So, if the master wants his slave to dig a hole in the field he tells him to do so. If, however, verbal commands are not enough then physical means can be employed such as whipping. Of course, threats of punishment may be enough, and the threats need not be of a harsh physical kind: threating to withhold food, or other comforts and pleasures, may be sufficient to motivate.

In a master/slave relationship there is a requirement that the master provide safety, shelter and food for the slave. In return, the slave is duty bound to obey the master in all things as per the legal contract.

Modern welfare states have legal duties to their slaves such as:

1: To not kill them, unless it is necessary in order to prevent a serious imminent crime against another slave.

2: To provide food, shelter, education, healthcare and employment, pensions and end of life care.

3: To provide care and support for any children their slaves may have.

Modern states, moreover, have — or rather assert — the right to:

4: Control the education, information, and the upbringing environment of young and mature slaves.

5: Decide what kinds of things its slaves are permitted and not permitted to say and to wear in public.

6: Decide what kinds of substances, and in what quantities, a slave may consume.

7: Control what their slaves can and cannot sell, to whom, and under what conditions.

8: Decide how much money their slaves must pay the tax collector.

9: Decide what age they can work at, what time they must stop at, and what age they must retire at.

10: Decide if they can have children and if they can keep them.

11: Decide if their slaves should be committed to insane asylums (mental health hospitals).

12: Command and Control their slaves in times of war, or national emergency. For example, states can draft slaves into the military, or the factory.

13: Decide on various punishments for their slaves who have broken laws set forth by the masters.

14: Execute their slaves for serious offences.

15: Can sell their slaves, if they are in prison, to other parties who aim to profit from the use of their labour.

Modern states, such as the United States, the European states and China have done all of the above.

They do not call the people slaves, they call them citizens; they do not call it slavery, they call it democracy, or socialism or something.

 The modern Western states have combined the worst elements of Orwell and Huxley into one, which is one of the reasons why the Western system is so much more resilient than Communism.

Nevertheless, whatever you think of the consequences, the structure is decaying, it is unstable.

Consequently, the capacity for mass murder and tyranny on a scale that dwarfs the 20th century exists. Mass conscription; total war; total control of minds and bodies.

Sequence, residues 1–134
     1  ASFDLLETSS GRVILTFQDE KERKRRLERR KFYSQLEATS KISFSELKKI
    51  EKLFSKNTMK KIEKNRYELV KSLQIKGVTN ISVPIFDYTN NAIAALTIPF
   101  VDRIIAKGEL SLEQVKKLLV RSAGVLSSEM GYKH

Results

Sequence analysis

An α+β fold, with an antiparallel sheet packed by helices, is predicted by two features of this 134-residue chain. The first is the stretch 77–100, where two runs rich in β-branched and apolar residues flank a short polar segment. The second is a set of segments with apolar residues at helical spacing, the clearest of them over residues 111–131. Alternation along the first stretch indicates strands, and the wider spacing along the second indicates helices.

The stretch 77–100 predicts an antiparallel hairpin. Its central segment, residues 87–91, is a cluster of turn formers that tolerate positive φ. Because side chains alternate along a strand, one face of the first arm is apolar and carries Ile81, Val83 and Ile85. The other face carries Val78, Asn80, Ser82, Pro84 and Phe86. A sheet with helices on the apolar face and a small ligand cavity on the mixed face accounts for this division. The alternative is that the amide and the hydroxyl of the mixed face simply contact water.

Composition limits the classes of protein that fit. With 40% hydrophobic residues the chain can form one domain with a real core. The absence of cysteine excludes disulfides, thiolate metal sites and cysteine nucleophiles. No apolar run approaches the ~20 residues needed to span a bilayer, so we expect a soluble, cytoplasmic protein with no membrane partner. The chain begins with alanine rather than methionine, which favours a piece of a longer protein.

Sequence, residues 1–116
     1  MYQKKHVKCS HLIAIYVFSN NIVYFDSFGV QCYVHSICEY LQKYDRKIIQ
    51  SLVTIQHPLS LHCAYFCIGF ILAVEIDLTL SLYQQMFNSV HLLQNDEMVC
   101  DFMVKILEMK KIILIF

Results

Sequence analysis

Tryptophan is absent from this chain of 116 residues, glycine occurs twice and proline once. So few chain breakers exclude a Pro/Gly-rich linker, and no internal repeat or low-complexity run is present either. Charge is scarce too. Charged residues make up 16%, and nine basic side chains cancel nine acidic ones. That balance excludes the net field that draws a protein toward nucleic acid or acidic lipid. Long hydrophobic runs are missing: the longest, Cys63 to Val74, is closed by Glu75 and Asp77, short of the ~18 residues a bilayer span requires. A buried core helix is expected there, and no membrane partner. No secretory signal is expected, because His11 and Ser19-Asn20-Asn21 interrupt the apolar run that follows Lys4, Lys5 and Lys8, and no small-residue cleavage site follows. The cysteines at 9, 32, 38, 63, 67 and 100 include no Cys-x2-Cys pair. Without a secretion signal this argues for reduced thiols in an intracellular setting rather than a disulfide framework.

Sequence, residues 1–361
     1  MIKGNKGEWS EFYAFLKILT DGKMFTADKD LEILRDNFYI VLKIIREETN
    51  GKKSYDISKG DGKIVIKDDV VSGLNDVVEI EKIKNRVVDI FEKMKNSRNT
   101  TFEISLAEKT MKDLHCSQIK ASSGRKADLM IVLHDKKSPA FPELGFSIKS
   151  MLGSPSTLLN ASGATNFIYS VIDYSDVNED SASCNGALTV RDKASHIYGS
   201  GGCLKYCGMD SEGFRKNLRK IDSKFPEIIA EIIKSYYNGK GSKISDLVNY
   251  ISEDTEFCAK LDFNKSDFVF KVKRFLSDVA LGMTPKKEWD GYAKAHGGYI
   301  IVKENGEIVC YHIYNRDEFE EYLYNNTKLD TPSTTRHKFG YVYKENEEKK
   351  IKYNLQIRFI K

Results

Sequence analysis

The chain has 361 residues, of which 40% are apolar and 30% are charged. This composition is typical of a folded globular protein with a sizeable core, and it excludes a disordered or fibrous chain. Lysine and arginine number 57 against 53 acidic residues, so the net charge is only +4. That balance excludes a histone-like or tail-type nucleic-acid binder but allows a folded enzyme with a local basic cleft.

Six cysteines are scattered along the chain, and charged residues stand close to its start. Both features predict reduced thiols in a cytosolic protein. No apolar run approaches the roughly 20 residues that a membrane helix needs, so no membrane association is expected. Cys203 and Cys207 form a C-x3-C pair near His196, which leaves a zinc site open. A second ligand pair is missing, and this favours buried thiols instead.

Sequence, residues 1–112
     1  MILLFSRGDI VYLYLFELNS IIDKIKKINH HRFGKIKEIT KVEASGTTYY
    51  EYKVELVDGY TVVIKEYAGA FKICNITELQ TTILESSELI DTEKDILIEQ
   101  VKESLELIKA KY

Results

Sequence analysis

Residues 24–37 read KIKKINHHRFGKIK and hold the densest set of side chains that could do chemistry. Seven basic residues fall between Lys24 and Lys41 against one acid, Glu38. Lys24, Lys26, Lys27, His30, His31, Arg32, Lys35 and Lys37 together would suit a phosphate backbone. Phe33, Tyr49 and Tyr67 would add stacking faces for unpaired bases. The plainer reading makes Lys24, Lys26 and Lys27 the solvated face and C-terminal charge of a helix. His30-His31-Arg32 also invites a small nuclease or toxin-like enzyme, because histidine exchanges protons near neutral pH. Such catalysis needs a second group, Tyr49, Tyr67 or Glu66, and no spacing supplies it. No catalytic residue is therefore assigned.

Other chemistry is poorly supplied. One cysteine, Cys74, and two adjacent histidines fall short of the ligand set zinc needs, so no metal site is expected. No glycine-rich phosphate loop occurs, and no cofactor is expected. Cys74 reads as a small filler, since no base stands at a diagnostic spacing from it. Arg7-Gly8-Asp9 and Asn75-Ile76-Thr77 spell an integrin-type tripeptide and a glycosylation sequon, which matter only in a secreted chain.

We must understand how this monster came to be, how the process of power came to feed it, and what, if anything, can be done to stop it.

I am going to present some passages from two authors and two books that, thanks to Moldbug, have proved deeply (darkly) enlightening in understanding history, politics and democracy.

The two authors are Bertrand De Jouvenel and his book On Power: A Natural History of its Growth; the second is Erik Von Ritter Kuehnelt-Leddihn and his book Liberty or Equality.

The following extracts, with some commentary, is mostly from the first chapter of On Power which is titled The Minotaur Presented.

The Progress of Power.

The war through which we have lived has surpassed in savagery and destructive force any yet seen by the Western World.”

(Christopher Coker claims, correctly that each global war, which includes the Napoleonic war, has always been worse.)

In this war everyone—workmen, peasants, and women alike—is in the fight, and in consequence everything, the factory, the harvest, even the dwelling-house, has turned target. As a result the enemy to be fought has been all flesh that is and all soil, and the bombing plane has striven to consummate the utter destruction of them all.”

(In a democracy, since everyone is equal, everyone is an equal target.)

The war would have counted fewer participants, it would have wrought a less frightful havoc, had not certain passions, fiercely and unanimously felt, so transformed men’s natures that a total distortion of their normal modes of doing became possible. The task of stirring and sustaining these passions has been that of a munition of war without which the others must have proved ineffectual—propaganda. Savagery in act is sustained by savagery of feelings; this has been the work of propaganda.”

(Nazi Germany, The Allies, including the Communists, all used propaganda. Today, only the Allies exist, as does propaganda.)

“The most surprising feature of the spectacle which we now present to ourselves is that we feel so little surprise at it.”

(How telling. Just like today, with either drone strikes, operations in numerous countries, or indeed terror attacks in the homelands – nothing but apathy and indifference.)